Among the so-called “hybrid” laptops, you can find several types of devices such as those whose 360-degree hinge allows you to turn into a tablet or those with a detachable keyboard. The most popular is probably the tablet Microsoft Surface Probut Huawei is now offering a similar product.
The Matebook E tablet has an air of Matepad Pro, Huawei’s other tablet that runs Android. But this time it is Windows 11 that runs the whole thing, which suggests a more flexible use since we can use any Windows application, but also soon some Android applications.
The Huawei Matebook E tablet comes in a pack with its keyboard and the second generation HUAWEI M-Pencil stylus. There is also the usual Huawei charger and its USB-C cable.
The stylus is very lightweight and attaches magnetically to the top of the device, above the webcam, for charging and connecting. On the other hand, this location does not offer a support powerful enough to transport it without the risk of losing it.
When you hold the tablet horizontally, as when it is connected to the keyboard, the USB-C charging socket is located on the right edge. Thunderbolt 4 compatible, it also supports DisplayPort.
At the bottom left is the 2-in-1 mini-jack for headphones and microphone.
At the top left the power button and the volume control are located on either side of the corner of the tablet. The first also serves as a fingerprint reader to unlock the device via Windows Hello. It is rather thin, but effective according to our first tests.
We can also see the rear camera and the LED which illuminates in dark situations so that the 13 million pixel sensor does its job. The Matebook E tablet also has an 8 million pixel webcam on the front for video conferencing sessions.
Once in place, the keyboard also acts as a cover to close the device and protect the screen (standby is thus automatically triggered). Half of the surface folds to act as a support which ensures a stable hold of the whole.
The keyboard is quite well made for a detachable element and is well worth those of traditional laptops. The trackpad is a little less qualitative to the touch, but does what is asked of it if you don’t want to use an additional mouse.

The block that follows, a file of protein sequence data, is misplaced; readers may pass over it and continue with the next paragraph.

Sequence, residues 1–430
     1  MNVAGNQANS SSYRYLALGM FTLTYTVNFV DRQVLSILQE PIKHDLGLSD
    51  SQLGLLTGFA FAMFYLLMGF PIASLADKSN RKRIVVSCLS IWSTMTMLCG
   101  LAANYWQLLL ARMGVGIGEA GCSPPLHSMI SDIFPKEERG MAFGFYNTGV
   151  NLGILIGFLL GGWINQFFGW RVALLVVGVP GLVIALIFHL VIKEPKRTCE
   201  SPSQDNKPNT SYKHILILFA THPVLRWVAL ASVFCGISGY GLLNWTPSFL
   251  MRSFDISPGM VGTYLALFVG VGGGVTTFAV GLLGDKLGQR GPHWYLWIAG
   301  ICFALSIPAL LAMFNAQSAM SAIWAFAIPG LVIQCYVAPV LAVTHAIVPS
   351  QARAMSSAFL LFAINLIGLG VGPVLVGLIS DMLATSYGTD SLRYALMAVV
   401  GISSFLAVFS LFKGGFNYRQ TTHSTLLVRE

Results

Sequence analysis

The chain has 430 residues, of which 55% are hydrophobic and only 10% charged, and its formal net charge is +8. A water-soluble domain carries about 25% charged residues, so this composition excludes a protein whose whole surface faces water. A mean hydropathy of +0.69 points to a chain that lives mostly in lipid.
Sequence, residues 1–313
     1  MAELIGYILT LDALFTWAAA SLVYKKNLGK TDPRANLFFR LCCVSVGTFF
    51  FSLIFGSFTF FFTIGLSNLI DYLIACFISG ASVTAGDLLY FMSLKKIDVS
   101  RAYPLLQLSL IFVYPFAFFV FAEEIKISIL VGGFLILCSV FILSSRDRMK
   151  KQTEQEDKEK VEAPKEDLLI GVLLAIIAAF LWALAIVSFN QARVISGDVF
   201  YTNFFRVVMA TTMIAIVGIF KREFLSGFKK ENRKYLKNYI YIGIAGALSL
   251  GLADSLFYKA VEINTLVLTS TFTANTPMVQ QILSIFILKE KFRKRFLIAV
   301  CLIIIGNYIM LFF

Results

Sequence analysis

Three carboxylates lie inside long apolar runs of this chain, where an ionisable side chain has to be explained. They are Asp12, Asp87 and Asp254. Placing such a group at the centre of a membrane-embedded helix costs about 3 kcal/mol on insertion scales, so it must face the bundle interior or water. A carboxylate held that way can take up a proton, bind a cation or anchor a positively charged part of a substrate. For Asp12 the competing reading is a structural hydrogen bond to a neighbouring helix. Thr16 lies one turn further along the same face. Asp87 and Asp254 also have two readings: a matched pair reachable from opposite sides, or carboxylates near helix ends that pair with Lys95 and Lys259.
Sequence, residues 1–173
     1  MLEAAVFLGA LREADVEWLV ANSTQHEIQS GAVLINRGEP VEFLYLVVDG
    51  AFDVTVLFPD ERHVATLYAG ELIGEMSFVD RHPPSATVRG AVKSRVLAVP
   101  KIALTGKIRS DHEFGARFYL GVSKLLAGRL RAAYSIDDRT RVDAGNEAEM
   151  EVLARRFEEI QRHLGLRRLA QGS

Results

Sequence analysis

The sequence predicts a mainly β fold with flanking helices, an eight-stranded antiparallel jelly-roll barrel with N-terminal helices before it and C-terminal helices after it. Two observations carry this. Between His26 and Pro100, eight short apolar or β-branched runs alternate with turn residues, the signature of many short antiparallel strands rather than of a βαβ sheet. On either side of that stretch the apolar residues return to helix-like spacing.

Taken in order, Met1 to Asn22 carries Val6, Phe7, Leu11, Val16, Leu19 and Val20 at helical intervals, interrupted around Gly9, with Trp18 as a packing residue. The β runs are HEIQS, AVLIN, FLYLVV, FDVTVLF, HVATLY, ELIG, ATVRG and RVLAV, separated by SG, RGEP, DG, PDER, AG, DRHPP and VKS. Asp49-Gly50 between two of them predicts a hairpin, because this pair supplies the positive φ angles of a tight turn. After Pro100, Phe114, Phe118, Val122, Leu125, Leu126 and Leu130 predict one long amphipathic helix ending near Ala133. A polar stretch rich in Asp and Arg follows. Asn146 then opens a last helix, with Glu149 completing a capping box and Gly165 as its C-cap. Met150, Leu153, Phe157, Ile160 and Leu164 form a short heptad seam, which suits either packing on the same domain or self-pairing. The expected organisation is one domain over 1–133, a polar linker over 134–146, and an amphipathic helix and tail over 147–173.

Everything offers a pleasant design with a flattering 12.6-inch screen in 16:10 format, a frame-to-screen ratio of 90% and a definition of 2560 x 1600 pixels. The brightness is sufficient in most situations, but a little tight in bright light outdoors and keeping it at maximum power will have a logical impact on the battery.
On the software side Windows 11 starts very quickly. It is sometimes aided by biometric authentication via the fingerprint sensor placed on the power button. Sometimes only, because the size of the button being small, it is necessary from time to time to take it twice before being correctly recognized. The use of facial recognition would have been preferable for this format of PC.
We find the usual Huawei PC Manager in the list of programs. Already useful before, the utility is still as much in this version with a renewed design. It allows you to manage optimization operations, driver recovery or switching from one performance mode to another.
The presence of the stylus is also well managed in the operating system. When the device is sufficiently charged by induction on its dedicated location, it is immediately recognized and a window invites the user to connect it.
We received the model with the 11th Gen Intel Core i5-1130G7 processor with 16GB of RAM and 512GB of storage. A more modest version equipped with a Core i3-1110G4 is also available. The most powerful version provided good results in Novabench for a PC of this size with 2054 points. On the Geekbench side, we obtain 1341 points in monocore, 4718 in multi-core and 13346 at the GPU level.
This is enough to consider being able to operate greedy software while being on the move. This brings us directly to the question of autonomy, a crucial point for this type of device which is easily transported thanks to a contained size and weight (709 grams without the keyboard).
We therefore subjected it to the same test as its competitors by streaming a series with the sound at 40% and the brightness at 50%. The latter seemed to go wrong automatically during the test and this may have affected the result a little, but it is clear: the autonomy is insufficient with only 5h30 where other traditional PC models of size modest manage to last more than 10 hours.
A Surface Laptop Go which is also well cut for mobility lasted 8:30 in this test and could be a good alternative. If you want a model with a detachable keyboard, it is impossible not to mention Microsoft’s best seller, the Surface Pro 8. Even if the starting price of the latter seems cheaper, it will however cost a little more in an equivalent configuration if we count the purchase of the keyboard and the stylus that Huawei automatically integrates with the Intel Core i5-1130G7 model.
Until this stage of the battery life test, the tablet was very well placed to be an interesting solution for those who want to travel light. Unfortunately, with a battery that is too tight, you will have to take the charger with you to hope to last a full working day. On the side of the regrets we can also mention the absence of a second USB port or a storage solution for the stylus.
Those for whom autonomy is not a problem will, on the other hand, be able to take advantage of a lot of advantages, and first of all good performance for such a small and light device. Its quality screen will highlight the content in the best way, with very good audio quality. Finally, its price is rather interesting if we take into account the fact that the keyboard and the stylus are delivered by default.
Note that the tablet is currently on presale on the Huawei site at the price of 1099€ instead of 1399 with keyboard and stylus.